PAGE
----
9. Fort Williams Park

Image Source: Raging Wire via Flickr

Fort Williams Park is one of the most visited parks in Southern Maine. Nestled on the rocky coast of Cape Elizabeth, Fort Williams Park is home to Portland Head Light, Maine’s iconic lighthouse. Commissioned by George Washington, the lighthouse was completed in 1791 and is the oldest lighthouse in the state of Maine. Now fully automated, the lighthouse is on the National Register of Historic Places and is the most photographed lighthouses in the country. The Battery Keyes was built in 1906 as part of Fort Williams to protect the shores of Maine from attack. Now mostly in ruins, the Battery Keyes is a popular playground for young kids.

Fort Williams Park  

Address: 1000 Shore Road, Cape Elizabeth, ME 04107

Contact: (207) 799-9574


Places to Stay

Wild Duck Adult Campground and RV Park is perfect for honeymooners to retirees. Open seasonally from April to October, this campground in Scarborough has 70 campsites in the middle of Maine Audubon’s Scarborough Marsh. Each site is big rig friendly, has full hookups, and cable TV and WiFi. If you’re traveling with kids, try Bayley’s Camping Resort.

10. Kennebunkport

Image Source: pml2008 via Flickr

Maine is home to hundreds of quaint seaside towns, but none are as famous of Kennebunkport. The quaint coastal town is known for its charming downtown with tons of restaurants and boutique shops, Goose Rocks Beach, and the historic rustic stone chapel of St. Ann’s Episcopal Church. If you’re lucky, you might even catch a glimpse of Kennebunkport’s most famous summer residents, George H.W. Bush and his wife, Barbara. The nearby Seashore Trolley Museum is home to hundreds of historic trolley cars from all across the world and is a great activity for kids. Popular beaches in the area include Goochs Beach, Mothers Beach, and Camp Ellis Reach. With tons to offer families of all ages, Kennebunkport and the surrounding region is the perfect destination for your Maine RV vacation.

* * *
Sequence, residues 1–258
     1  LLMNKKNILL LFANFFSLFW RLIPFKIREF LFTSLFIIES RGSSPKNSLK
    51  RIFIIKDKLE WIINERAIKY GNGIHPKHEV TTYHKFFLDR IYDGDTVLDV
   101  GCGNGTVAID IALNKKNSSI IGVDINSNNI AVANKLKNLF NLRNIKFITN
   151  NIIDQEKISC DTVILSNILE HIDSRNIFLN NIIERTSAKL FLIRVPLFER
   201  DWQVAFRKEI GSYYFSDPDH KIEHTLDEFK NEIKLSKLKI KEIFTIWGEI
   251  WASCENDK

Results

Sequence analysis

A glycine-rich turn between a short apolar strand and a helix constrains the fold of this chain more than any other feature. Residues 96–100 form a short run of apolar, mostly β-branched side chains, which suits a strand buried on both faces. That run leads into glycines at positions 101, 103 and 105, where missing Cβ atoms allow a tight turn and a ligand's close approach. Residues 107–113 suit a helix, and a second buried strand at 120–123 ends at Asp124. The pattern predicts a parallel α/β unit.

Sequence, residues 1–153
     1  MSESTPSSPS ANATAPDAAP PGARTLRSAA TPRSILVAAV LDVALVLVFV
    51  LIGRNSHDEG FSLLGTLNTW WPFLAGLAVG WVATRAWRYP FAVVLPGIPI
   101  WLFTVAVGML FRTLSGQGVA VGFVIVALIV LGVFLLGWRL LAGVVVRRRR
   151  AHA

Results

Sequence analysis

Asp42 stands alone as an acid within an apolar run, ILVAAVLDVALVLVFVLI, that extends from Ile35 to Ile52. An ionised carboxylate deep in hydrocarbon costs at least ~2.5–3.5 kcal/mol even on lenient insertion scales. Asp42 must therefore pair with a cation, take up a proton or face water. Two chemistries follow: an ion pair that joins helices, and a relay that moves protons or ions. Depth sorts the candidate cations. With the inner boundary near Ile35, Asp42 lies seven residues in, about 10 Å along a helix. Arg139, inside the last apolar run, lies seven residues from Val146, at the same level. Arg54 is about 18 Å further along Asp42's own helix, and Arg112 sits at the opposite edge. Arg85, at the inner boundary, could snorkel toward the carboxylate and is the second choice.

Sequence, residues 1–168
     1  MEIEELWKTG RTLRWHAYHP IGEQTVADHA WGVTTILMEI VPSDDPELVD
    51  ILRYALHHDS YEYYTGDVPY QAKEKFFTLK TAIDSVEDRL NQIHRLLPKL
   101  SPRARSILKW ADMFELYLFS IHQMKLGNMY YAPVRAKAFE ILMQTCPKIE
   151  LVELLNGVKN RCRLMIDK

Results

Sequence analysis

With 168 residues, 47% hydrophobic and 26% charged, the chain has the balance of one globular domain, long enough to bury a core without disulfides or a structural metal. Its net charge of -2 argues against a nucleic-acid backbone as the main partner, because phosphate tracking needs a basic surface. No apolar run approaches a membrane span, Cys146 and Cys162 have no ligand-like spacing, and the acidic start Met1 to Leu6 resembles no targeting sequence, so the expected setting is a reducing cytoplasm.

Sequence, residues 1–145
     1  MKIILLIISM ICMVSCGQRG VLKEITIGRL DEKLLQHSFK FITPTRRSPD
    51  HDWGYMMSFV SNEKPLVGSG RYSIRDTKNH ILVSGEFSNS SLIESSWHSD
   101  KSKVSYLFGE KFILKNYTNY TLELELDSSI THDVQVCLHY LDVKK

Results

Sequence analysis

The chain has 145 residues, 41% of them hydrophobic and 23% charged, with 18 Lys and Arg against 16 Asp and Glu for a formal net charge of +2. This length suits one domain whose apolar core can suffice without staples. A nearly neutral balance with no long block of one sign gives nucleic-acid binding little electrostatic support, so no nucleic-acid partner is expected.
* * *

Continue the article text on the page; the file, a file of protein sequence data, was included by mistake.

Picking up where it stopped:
Kennebunk, Kennebunkport & Arundel Chamber of Commerce

Address: 1 Chase Hill, Kennebunk, ME

Contact: (207) 967-0857


Places to Stay

Hemlock Grove Campground in Kennebunkport provides “a Northern Maine atmosphere with Southern Maine convenience.” Nestled in the pine forests of Kennebunkport, you’ll feel like you’re camping in Northern Maine, but you’re just minutes from the nearest beach. Each campsite has full hookup, cable TV, and WiFi.

Final Thoughts on Best RV Trips in Maine

Maine is a beautiful state to visit during the summer and fall months. You’ll find fantastic weather for lots of beach time in August making it the perfect time to take a Maine RV trip with kids. If you have more flexibility in your schedule, stay in Maine for the incredible changing of the leaves. The fall foliage in western Maine is some of the best in the country and is the perfect reason to come to the state for your Maine RV road trip.